DSMBs - the Essential Safety Kit That Many Divers Don't Know How to Use
A Surface Marker Buoy (SMB) or Delayed Surface Marker Buoy (DSMB), is an essential piece of kit, but it’s only in the last few years that training in their use has become a standard part of some entry-level courses.
Many divers across a wide range of experience levels will therefore never have used one. To them, it’s just the ‘balloon’ or ‘safety sausage’ that their instructor or guide inflates towards the end of the dive, indicating that it’s time to head for the safety stop.
Others carry them perfectly packaged but never used, because they were sold a DSMB as an essential piece of safety equipment but have no idea how to use them – but the guide has one, so that’s okay, isn’t it?
Well actually, no it’s not. There are a number of situations where not having one, or relying on somebody else to inflate one, puts your life at risk.
Imagine that you’re drift diving and the current picks up strongly and unexpectedly, perhaps with a serious reduction in visibility, pushing you away from the reef and out to sea. You can’t see the guide any more, you can’t see your buddy, so you do the right thing and wait for a minute then surface – into a rolling 2m swell beyond the end of the reef. It’s late afternoon and the tropical sun is heading towards the horizon; the sea is a glorious fire-bright orange and the captain of your dive boat is blinded – and looking in the other direction, because you were supposed to surface somewhere else.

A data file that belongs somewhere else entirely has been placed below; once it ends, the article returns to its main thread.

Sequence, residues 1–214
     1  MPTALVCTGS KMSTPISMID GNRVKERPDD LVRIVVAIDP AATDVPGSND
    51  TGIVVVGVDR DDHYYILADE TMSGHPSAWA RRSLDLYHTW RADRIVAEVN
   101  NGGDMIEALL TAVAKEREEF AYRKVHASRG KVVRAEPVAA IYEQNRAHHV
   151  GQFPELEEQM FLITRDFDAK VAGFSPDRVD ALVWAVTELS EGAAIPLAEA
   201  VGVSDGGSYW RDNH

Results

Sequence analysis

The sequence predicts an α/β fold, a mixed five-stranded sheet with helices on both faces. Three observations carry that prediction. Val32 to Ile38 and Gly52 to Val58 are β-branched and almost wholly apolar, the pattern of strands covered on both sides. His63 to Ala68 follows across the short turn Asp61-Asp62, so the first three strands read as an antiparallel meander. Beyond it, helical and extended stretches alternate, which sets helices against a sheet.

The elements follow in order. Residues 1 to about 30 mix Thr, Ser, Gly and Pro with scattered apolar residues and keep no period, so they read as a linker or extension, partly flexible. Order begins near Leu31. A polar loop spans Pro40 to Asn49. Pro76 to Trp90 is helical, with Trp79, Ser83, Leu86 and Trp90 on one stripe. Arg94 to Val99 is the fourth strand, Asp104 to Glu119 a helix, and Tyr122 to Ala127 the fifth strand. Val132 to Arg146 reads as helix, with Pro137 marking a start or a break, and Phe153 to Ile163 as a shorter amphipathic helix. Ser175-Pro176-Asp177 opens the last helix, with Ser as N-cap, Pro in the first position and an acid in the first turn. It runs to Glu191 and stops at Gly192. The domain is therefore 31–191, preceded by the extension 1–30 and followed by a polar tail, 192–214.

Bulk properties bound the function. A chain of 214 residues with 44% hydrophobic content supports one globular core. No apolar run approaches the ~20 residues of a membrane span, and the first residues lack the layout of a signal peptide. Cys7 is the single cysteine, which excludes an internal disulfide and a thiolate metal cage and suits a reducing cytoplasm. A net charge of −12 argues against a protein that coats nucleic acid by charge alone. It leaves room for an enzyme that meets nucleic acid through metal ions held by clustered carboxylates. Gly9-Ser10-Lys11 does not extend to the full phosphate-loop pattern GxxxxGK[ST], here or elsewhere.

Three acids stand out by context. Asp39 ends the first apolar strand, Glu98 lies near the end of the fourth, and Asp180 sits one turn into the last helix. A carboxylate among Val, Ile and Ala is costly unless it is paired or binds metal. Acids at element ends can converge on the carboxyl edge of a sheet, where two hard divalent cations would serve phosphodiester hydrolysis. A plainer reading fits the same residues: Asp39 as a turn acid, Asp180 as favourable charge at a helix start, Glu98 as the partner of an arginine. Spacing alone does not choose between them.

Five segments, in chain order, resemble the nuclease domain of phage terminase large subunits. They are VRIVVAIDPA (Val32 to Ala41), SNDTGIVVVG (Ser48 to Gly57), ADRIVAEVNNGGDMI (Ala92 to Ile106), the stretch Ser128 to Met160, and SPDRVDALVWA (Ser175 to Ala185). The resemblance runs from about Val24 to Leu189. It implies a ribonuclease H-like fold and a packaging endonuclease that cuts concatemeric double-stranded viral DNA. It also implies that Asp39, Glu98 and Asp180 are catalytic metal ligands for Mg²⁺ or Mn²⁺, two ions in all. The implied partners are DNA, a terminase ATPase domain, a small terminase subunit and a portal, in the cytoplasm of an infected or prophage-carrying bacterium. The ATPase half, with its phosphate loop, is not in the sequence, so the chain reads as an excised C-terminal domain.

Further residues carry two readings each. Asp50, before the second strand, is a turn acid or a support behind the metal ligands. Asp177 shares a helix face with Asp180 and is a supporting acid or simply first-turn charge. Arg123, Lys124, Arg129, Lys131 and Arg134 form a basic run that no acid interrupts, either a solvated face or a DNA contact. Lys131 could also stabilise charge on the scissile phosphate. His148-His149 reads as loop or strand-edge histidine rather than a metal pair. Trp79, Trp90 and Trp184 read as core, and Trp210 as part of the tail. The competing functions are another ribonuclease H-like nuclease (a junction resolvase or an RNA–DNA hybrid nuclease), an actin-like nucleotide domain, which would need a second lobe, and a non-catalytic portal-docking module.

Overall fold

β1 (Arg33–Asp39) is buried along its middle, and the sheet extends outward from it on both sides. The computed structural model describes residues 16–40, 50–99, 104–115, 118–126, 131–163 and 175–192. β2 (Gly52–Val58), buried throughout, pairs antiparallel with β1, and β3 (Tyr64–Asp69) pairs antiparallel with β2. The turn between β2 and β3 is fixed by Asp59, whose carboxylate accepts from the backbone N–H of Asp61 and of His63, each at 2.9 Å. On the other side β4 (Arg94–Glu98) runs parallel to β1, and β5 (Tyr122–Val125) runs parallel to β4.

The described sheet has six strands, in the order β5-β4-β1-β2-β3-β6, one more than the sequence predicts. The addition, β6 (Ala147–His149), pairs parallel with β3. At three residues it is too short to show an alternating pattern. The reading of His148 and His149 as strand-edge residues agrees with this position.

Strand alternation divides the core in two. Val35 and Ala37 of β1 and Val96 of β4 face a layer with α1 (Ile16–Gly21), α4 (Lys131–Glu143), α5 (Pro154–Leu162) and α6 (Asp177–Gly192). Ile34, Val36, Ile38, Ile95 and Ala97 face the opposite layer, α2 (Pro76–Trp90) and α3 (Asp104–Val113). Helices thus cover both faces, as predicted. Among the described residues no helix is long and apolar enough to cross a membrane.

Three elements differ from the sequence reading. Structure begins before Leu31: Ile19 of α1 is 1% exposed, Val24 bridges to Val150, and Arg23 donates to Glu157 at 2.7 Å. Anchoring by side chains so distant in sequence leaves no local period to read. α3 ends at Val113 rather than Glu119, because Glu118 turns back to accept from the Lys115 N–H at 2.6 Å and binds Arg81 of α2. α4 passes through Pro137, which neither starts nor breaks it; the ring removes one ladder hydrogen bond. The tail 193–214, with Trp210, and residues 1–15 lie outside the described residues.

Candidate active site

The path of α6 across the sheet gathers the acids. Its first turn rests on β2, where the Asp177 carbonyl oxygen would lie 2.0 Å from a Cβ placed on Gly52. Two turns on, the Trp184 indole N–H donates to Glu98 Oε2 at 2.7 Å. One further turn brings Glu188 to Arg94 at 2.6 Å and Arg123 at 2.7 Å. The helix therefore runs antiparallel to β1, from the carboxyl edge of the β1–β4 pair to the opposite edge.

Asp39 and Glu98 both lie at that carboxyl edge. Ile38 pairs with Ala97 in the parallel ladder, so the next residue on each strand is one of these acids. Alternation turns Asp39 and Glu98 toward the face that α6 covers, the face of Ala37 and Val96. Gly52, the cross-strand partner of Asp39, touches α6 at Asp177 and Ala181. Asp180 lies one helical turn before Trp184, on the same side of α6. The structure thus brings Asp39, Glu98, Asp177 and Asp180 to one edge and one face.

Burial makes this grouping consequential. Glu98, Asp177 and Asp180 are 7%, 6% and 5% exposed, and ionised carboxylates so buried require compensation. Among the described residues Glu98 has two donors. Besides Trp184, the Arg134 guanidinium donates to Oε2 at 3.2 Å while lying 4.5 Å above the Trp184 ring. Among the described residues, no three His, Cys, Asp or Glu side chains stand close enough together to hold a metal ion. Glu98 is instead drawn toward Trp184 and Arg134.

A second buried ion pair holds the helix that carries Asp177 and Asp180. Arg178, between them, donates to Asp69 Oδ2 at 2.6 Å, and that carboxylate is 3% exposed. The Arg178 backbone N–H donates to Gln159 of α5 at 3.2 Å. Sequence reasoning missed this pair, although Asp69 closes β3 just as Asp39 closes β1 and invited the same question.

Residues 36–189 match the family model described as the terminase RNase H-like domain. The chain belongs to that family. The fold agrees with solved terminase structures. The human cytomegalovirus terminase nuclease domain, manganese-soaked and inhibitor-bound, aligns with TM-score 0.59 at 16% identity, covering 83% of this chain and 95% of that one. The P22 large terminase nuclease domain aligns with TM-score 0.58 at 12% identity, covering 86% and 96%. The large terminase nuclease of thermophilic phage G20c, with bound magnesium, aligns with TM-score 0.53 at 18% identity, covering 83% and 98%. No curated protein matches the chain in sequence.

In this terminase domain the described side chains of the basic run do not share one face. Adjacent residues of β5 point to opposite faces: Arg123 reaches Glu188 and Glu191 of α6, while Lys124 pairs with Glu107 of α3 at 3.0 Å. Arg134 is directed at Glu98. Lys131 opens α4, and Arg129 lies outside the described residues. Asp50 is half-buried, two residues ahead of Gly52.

It’s doesn’t take all that much imagination, actually. I know this, because I’ve seen it happen. Even with the best planning in the world, sometimes it all goes wrong, and it’s beyond your control.
With regards to the acronyms – the technical difference is that a ‘Delayed’ SMB is one that is inflated underwater at some point during dive – rather than towed from start to finish – usually towards the end of the dive to signal that the end is approaching, and to give your own boat crew advance warning of your location, and signal to other vessels that you are approaching shallow water and therefore they should steer clear.
They might also be used if, as mentioned earlier, the current at a dive site picks up unexpectedly, in which case a DSMB might be sent up early so that the boat can follow. It might be perfectly okay to continue the dive, but the crew will know that you will surface much further along the reef than expected. It might be that you’re being pushed out to sea – or have some other emergency – and preparing to abort. The earlier the boat crew can find your location, the better.